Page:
Property & Wealth

Land restitution also adds value to mainstream market

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The policy of land restitution to deal with past injustices is a very emotional issue, but at times it also adds a fresh layer of value to South Africa’s mainstream real estate market. (Read more)prov

This was well illustrated recently in the Western Cape, which seems to be well ahead of other provinces in settling land restitution claims.

The Africa Property News recently reminded its readers that in 1972 approximately 400 (then called Coloured) families were forcibly removed from an 84-hectare piece of land in Milnerton, adjacent to the N7 highway in Cape Town. These families were subsequently resettled in Atlantis and across the Cape Flats.

This sad event from history, however, recently turned into a story with a happy ending.

The land in question occupies a prime position in the fast-expanding and lucrative Cape Town real estate market and became the subject of a successful land restitution claim by the some 5 000 descendants, spanning five generations, of the families originally removed from the land and resettled in much less well-placed land.

In December 2014 they finally had the land transferred back to them – following a landmark land restitution settlement – into a community trust, the Richmond Park Communal Property Association. Significantly, the property had bulk development rights.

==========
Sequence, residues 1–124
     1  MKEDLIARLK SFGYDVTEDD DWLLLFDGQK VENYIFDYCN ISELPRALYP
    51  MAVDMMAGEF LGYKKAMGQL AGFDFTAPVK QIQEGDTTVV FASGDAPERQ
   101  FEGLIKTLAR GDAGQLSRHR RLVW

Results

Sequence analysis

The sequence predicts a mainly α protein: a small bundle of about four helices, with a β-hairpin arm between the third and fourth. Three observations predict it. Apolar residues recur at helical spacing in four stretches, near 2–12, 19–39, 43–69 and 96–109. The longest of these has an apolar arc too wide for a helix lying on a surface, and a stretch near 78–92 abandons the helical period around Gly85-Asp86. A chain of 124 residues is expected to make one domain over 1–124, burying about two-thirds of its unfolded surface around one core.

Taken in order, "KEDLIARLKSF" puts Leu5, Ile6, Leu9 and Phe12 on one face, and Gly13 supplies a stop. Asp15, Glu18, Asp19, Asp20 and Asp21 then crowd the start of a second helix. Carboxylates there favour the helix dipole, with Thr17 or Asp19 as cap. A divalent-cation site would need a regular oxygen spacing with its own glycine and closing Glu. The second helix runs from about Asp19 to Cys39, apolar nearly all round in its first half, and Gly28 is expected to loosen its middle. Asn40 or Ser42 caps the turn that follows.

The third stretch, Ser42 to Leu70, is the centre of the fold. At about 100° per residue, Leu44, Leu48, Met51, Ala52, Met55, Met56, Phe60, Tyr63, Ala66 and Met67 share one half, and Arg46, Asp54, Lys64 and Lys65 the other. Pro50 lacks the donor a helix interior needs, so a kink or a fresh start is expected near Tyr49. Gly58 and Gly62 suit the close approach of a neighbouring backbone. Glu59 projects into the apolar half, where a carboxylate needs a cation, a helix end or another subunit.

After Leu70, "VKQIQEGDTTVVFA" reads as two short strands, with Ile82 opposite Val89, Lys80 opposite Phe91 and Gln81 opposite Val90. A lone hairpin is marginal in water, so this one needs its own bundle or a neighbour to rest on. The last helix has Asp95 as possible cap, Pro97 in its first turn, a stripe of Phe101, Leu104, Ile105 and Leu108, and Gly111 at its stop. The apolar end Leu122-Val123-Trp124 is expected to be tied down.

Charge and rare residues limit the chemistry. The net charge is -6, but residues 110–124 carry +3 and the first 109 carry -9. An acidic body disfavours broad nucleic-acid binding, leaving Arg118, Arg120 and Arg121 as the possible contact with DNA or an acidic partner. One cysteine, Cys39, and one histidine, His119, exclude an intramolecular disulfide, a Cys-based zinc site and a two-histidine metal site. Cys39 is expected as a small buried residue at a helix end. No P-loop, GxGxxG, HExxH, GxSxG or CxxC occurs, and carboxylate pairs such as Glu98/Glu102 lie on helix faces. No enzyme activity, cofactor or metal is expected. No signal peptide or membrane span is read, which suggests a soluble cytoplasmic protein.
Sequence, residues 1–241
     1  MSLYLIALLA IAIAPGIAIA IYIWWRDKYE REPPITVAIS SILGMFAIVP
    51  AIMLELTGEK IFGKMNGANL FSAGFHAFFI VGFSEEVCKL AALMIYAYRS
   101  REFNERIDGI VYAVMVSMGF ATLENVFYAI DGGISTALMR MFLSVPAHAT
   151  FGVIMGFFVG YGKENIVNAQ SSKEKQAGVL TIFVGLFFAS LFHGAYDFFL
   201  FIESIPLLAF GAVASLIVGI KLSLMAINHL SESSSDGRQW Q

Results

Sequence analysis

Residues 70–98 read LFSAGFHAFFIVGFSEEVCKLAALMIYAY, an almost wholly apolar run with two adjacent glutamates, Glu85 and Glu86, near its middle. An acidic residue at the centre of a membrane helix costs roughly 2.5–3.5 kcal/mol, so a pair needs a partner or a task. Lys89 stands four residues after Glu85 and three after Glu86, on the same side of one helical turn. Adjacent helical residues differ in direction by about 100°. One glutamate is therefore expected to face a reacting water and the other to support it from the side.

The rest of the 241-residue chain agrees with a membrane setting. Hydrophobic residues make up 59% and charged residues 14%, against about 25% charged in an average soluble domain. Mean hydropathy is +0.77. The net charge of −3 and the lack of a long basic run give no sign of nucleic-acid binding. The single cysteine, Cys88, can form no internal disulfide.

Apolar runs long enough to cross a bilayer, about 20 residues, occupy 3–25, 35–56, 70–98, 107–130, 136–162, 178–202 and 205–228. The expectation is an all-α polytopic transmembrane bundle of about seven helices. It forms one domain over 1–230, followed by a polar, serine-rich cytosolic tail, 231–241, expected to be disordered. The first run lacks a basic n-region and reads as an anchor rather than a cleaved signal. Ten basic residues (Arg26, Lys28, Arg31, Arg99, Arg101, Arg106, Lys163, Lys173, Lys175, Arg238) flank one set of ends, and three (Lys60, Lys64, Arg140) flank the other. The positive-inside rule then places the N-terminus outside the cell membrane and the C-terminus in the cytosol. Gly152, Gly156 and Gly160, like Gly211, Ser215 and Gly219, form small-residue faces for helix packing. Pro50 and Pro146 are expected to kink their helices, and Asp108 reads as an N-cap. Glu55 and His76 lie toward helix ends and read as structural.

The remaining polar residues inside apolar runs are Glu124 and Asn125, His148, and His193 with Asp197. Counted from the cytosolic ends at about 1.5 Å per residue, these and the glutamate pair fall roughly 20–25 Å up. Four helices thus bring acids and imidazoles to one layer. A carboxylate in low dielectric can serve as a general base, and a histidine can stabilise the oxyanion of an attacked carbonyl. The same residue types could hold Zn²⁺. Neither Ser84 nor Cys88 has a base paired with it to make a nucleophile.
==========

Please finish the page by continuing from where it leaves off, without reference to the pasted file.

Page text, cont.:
It comes as no surprise, then, that the Communal Property Association decided to lease their prize asset to a consortium of developers headed up by Atterbury Properties (part-owned by the listed Attacq property fund) in association with two local community developers, Bethel Property and Qubic 3 Dimensional Property.

While Atterbury is the main shareholder, the Communal Property Association also has a direct 25% interest in the consortium, aptly named the Richmond Park Development Company.

The consortium’s ultimate aim is to develop a multimillion rand business park and mixed-use building project, consisting of commercial, retail, light industrial, retail and warehousing properties.

The upshot is that over the next five to10 years, the developers are committed to invest $365 million (that's ZAR R5 billion!) in this mega-development, which will add significant value to the industrial hub of Milnerton, to the profits of the consortium and ultimately, to the well-being of the originally displaced community.

This news comes hard on the heels of the Land Restitution figures recently released in the Annual Report of the Commission on the Restitution of Land Rights, which confirmed that the Western Cape has the country's highest number of total settled land claims – 192 claims to a value of R1.5 billion.

It is heart-warming to see that land restitution is not only succeeding in redressing the injustices and wrongs of the past, but is also directly contributing to the growth of the economy and the creation of many, many sustainable jobs in an area where and at a time when they are sorely needed.

by Eve van Basten

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